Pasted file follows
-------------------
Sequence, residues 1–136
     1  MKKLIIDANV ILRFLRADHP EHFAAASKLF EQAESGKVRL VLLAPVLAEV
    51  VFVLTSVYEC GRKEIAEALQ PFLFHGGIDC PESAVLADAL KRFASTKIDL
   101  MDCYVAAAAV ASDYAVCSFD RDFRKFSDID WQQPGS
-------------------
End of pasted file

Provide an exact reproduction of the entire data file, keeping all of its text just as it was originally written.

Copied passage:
Sequence, residues 1–136
     1  MKKLIIDANV ILRFLRADHP EHFAAASKLF EQAESGKVRL VLLAPVLAEV
    51  VFVLTSVYEC GRKEIAEALQ PFLFHGGIDC PESAVLADAL KRFASTKIDL
   101  MDCYVAAAAV ASDYAVCSFD RDFRKFSDID WQQPGS